Grade 12/ Principles of American Democracy

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Grade 12/ Principles of American Democracy by Mind Map: Grade 12/ Principles of American Democracy

1. Fundamental Principles of American Democracy

1.1. BIG IDEAS: Why do we need a government? How much power should a government have over its citizens? What are the dangers of a democratic system? What do the terms liberty and equality mean, and how do they relate to each other?

1.1.1. ACTIVITY: Primary Source handout Federalist Paper 10 and Brutus 1. Federalists vs. Anti-Federalists. After reading each primary source document, complete a COMPARE/CONTRAST handout to understand the arguments on both sides. ***How much power should a government have over its citizens?

2. Rights and Responsibilities of Citizens in a Democracy

2.1. BIG IDEAS: What rights and responsibilities does a citizen have in a democracy? What does it mean to be a citizen? How can citizens improve a democracy?

2.1.1. ACTIVITY: Students engage with the Bill Of Rights = Students examine the personal freedoms outlined in the first 10 amendments to the Constitution. Group Discussions on the importance of these individual liberties & then tying them to how each member in the group can improve our democracy.

3. Fundamental Principles of Civil Society

3.1. Big Ideas: What is a civil society, and why do we want to have one? What are the limits of individual liberty? What are the dangers of majority rule? What is the role of religion in a democracy? How do government actions impact civil society?

3.1.1. Activity: (Individual) Following the PowerPoint lecture on the fundamental principles of civil society = Assignment: What is community service? Why Should You Participate in Community Service?Who would you like to help? o Helping Children and Schools: o Helping Senior Citizens: o Helping the Hungry and/or Homeless: o Helping Animals and the Environment: o Reducing Crime and Promoting Safety: o Promoting Community Enhancement: What kind of impact do you want to have? Do some research to see what projects you can do in your community.

4. The Three Branches of Government as Established by the U.S. Constitution

4.1. BIG IDEAS: Why does the Constitution both grant power and take it away? What is the most powerful branch of government? Why does it take so long for government to act?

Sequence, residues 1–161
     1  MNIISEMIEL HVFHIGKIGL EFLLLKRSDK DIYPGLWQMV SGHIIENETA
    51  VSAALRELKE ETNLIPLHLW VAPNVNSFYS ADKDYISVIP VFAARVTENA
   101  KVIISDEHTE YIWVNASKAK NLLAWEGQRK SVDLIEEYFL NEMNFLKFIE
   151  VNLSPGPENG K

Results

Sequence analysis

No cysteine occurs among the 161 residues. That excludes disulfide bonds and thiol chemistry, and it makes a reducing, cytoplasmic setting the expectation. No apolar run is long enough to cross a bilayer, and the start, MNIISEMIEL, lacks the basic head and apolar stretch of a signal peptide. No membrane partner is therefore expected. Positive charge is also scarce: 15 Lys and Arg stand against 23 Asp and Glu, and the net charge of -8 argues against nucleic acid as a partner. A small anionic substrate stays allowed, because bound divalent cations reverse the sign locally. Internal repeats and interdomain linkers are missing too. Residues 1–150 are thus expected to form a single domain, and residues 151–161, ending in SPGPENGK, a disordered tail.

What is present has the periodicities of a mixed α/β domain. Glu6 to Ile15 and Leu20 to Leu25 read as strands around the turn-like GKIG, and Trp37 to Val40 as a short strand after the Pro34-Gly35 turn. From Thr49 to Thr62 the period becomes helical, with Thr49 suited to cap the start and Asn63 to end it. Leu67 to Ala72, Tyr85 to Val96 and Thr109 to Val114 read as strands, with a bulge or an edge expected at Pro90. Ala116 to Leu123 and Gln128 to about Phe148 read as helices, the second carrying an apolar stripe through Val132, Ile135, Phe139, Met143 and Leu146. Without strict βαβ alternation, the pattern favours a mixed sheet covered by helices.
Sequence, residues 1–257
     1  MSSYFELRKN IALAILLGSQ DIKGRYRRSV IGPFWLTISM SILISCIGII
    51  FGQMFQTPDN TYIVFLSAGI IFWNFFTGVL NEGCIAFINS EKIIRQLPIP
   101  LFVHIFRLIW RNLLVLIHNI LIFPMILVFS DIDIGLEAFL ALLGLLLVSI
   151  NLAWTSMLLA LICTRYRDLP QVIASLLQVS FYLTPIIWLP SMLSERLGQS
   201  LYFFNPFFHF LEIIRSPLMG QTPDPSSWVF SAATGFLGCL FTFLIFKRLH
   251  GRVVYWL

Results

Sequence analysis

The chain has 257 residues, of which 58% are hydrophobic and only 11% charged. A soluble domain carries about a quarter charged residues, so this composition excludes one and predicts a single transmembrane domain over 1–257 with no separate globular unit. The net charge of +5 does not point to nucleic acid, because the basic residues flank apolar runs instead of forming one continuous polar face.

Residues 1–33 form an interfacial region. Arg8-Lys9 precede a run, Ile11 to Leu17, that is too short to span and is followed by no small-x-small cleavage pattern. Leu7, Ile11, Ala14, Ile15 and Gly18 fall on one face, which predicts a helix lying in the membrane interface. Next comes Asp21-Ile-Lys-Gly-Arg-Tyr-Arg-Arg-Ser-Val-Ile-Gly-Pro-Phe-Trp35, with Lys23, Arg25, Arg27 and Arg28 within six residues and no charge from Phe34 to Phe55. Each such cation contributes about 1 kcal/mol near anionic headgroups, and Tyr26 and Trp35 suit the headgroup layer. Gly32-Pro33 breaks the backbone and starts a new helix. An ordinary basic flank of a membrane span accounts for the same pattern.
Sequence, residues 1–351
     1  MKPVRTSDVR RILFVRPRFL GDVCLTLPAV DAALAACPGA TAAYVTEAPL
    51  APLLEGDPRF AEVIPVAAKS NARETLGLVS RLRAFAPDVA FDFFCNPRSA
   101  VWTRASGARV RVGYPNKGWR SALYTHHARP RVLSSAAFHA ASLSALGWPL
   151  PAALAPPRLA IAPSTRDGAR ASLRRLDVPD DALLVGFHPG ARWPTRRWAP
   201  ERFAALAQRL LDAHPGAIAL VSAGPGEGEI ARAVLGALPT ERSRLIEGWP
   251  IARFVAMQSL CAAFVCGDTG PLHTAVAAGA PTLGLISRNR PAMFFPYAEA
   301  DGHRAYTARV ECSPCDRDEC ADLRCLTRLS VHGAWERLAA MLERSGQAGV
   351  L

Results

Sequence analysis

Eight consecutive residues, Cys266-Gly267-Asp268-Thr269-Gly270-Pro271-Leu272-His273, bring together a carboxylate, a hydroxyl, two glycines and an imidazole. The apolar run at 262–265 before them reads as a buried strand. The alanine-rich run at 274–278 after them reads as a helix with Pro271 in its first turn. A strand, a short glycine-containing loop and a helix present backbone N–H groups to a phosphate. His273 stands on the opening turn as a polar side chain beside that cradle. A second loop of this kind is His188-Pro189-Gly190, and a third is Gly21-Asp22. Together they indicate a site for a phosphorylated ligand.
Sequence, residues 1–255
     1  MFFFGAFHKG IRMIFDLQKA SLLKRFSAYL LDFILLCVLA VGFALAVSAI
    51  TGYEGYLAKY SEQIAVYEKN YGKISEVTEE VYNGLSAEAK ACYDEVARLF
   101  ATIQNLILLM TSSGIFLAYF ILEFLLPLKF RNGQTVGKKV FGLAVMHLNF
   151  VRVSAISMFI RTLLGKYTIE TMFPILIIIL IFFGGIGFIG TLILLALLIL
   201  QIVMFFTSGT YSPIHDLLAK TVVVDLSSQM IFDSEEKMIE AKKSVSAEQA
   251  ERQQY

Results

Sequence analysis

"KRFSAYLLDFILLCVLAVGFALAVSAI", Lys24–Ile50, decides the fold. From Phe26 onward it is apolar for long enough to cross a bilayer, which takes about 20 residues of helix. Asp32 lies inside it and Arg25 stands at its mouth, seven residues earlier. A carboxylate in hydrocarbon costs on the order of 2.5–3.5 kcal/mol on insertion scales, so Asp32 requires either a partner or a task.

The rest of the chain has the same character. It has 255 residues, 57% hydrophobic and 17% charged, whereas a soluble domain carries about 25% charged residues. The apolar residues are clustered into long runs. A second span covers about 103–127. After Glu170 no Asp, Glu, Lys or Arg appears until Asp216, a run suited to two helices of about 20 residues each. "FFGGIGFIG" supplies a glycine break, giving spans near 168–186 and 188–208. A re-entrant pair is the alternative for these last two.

4.1.1. Activity: Separation of Powers worksheet: students comprhend the system of checks and balances by filling out the individual powers of each branch and how they check each others power. After students complete the worksheet, engage in a class-wide discussion asking question such as: How does the separation of powers create political gridlock? and...After filling out your worksheet, which branch of our government do you feel is most powerful?

5. Interpreting the Constitution: The Work of the U.S. Supreme Court

5.1. BIG IDEAS: What is judicial review, and how does it work? What makes a law or action unconstitutional, and does that determination ever change?

5.1.1. Activity: After presenting a video on Marbury v. Madison (explaing the establishment of judicial review) students are given the primary source document for the Supreme Court decision in United States v. Eichman (which ruled the Flag Protection Act as unconstitutional) Students engage in a debate if they believe (or not) that flag burning/descicration should be protected under freedom of speech.

6. The Electoral Process

6.1. BIG IDEAS: How do you get elected? Who gets elected, and who does not? What impact do polls, political parties, and PAC's have upon elections? How can I get involved in a campaign? Why should I vote?

7. Federalism: Different levels of government

7.1. BIG IDEAS: Why are powers divided among different levels of government? What level of government is the most important to me—local, state, tribal,or federal? What level of government is the most powerful—local, state, tribal, or federal?

8. The Fourth Estate: The Role of the Media in American Public Life

8.1. BIG IDEAS: To what extent are the press and the media fulfilling a watchdog role? Do media outlets provide enough relevant information about government and politics to allow citizens to vote and participate in a well-informed way? How has the Internet revolution impacted journalism, and what are its effects on the coverage of public affairs and current issues?

9. Comparative Governments and the Challenges of Democracy

9.1. BIG IDEAS: Do citizens have rights that the state must respect; if so, what are they? What is the role of civil dissent and when is it necessary? Why have some revolutions been followed by purges of dissidents, mass arrests of political opponents, murder of “class enemies,” suppression of free speech, abolition of private property, and attacks on religious groups? Why do authoritarian governments spy on their citizens and prevent them from emigrating? Why do they jail or harass critics of their government? Why is only one party allowed in an authoritarian state? Why do ordinary people risk their lives to flee or transform authoritarian states? How do individual countries combat terrorist organizations that do not recognize international norms or boundaries? How can individual citizens or nongovernmental organizations improve civil society? How can multina- tional alliances work together to combat climate change?